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Bill Malcolm has had a St John medical alarm for around 25 years. Photo: GORDON PREECE

‘I needed help’

A Thames man had to find his own way to hospital after pressing his medical alarm despite being in ‘terrible pain’. GORDON PREECE reports

Thames pensioner Bill Malcolm was left in “terrible” pain while waiting for St John to respond after he pressed his medical alarm.
The 82-year-old, who suffers from multiple health problems, including diabetes and heart issues, has had a St John medical alarm for around 25 years.
He told The Profile he was at his home on the evening of May 15 when he began to experience pain “as if someone stabbed a knife in you” and breathing difficulties from a blocked catheter.

He said he pressed his medical alarm at around 9pm, which connected him to the St John call centre, and was told by St John they were “too busy” to dispatch medical staff and instead asked if Bill could get himself to hospital.
“I pushed [the medical alarm] three times because they kept cutting me off and still nothing, and I tried to explain to them I live alone, and I needed help,” he said.
“Then I had to struggle out there to get to my truck and then drive to ED… I was lucky I got there because the pain was so great.”
According to the Ministry of Health, a catheter blockage must be dealt with immediately, as it can quickly become “very painful” and “potentially dangerous”.
Around 10:15pm, when Bill was at Thames Hospital, he received a call from St John to ask of his whereabouts as staff were at his house to respond to his situation.
“They rang me and said, ‘oh we can’t find you, you ain’t home’, and I said that’s because I’m at the hospital, and I turned around and said ‘you fellas are useless’,” he said.
Bill said he was discharged on May 16 and on the same day attempted to take his complaint to St John Thames.
“I rang St John [in Thames] and asked to speak to the manager and you can’t get him straight through, you’ve got to go through the channels,” he said.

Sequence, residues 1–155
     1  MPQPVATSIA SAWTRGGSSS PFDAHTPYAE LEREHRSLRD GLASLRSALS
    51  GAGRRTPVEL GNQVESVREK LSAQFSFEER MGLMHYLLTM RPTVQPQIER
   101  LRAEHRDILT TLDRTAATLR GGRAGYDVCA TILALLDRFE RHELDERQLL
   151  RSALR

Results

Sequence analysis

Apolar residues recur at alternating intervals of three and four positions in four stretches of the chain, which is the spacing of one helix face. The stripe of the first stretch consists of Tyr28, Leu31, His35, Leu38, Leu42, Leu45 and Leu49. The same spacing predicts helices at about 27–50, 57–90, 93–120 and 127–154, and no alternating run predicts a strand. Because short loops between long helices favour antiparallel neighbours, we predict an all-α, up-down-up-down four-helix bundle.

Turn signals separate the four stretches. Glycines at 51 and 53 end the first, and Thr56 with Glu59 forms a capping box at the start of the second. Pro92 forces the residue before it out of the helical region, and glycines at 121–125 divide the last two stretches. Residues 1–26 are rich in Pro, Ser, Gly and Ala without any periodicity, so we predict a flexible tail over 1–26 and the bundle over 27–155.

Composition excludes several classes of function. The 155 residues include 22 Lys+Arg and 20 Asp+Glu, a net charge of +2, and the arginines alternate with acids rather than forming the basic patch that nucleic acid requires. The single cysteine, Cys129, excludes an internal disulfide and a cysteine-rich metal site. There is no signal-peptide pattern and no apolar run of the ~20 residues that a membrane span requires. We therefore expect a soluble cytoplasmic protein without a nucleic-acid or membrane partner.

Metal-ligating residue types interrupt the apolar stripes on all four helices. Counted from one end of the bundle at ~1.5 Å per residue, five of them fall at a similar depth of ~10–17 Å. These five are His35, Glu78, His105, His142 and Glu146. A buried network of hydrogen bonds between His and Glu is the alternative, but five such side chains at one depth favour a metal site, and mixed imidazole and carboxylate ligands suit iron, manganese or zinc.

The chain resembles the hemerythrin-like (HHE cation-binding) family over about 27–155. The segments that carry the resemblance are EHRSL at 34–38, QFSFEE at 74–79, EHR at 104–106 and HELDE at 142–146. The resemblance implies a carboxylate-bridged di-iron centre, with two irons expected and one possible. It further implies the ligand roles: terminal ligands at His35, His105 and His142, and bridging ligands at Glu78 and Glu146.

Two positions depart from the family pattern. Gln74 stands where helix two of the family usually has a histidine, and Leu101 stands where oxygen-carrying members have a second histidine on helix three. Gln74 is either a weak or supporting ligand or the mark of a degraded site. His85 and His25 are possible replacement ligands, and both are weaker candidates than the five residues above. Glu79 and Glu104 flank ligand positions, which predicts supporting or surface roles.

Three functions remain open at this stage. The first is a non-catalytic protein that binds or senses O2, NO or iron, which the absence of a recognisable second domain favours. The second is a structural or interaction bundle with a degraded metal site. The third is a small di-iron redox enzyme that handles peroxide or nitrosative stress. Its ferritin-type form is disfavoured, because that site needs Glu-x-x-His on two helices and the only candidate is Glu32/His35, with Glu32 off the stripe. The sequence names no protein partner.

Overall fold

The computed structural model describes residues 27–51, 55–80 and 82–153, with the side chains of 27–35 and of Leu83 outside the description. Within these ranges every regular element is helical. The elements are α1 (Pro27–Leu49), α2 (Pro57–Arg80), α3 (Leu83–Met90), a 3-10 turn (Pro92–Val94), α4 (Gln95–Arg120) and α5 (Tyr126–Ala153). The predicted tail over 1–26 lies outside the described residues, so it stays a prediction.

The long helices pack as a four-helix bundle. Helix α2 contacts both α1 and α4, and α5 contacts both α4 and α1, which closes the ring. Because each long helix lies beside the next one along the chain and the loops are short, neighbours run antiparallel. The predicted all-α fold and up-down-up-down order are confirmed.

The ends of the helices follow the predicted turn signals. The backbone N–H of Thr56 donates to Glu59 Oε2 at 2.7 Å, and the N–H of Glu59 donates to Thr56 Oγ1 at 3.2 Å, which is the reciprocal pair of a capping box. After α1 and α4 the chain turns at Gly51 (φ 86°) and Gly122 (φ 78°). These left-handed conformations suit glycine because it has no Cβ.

“So I said here’s my phone number and get [the manager] to ring me, and I am still waiting today.”
Bill said this wasn’t the first time St John had failed to respond to his medical alarm. He pressed it in 2020 when he also experienced extreme pain from a blocked catheter. “At that time I rung my cousin that was around in Fenton St, not far from where I lived in Mackay St, and she had to walk around to my place to drive me to the hospital,” he said.
Bill believed the issue was staff shortages at St John. “There’s a half a dozen ambulances sitting in the yard [at St John Thames], they haven’t got anybody to drive them, you’ve got a first responder and he should come and check when you get an urgent call,” he said.
“This is the second time I’ve pressed the alarm and I’m not getting any service, so I feel the rest of New Zealand should know what St Johns are doing… refusing people when they pay them for [a medical alarm].”
Bill said his medical alarm cost $31.50 a fortnight, which was funded through Work and Income.
Hato Hone St John head of telecare Nick Coley said a medical alarm was activated from Bill’s address one minute to 9pm on May 15, when an emergency call handler assessed his symptoms as “non-urgent”.
“At 9:08pm, an emergency nurse reviewed the incident and noted that whilst Mr Malcolm did not require an urgent response, an ambulance should be sent,” he said.
“Another medical alarm activation was received from Mr Malcolm at 9:27pm. At 10:05pm, the next available ambulance was dispatched, arriving at Mr Malcolm’s address at 10:15pm but he was not at home.
“We are sorry that Mr Malcolm was in pain while he waited for an ambulance. We have investigated his concerns and have found that the medical alarm activation was appropriately prioritised, and that the next available ambulance was dispatched as soon as possible.”
St John did not respond to questions about whether staff shortages were the cause of the delayed response when patients activated medical alarms.
In a letter to Bill, St John general manager clinical effectiveness Jon Moores said he was “sorry to hear that you were waiting, in pain, for an ambulance”.
“I acknowledge that our previous response to you on 15 May, 2020, advised of ‘implementing an additional process to facilitate appropriate ambulance dispatch for patient’s experiencing high levels of pain’,” he said.
“Since that time, we have continued to progress this focus on reduced waiting times.”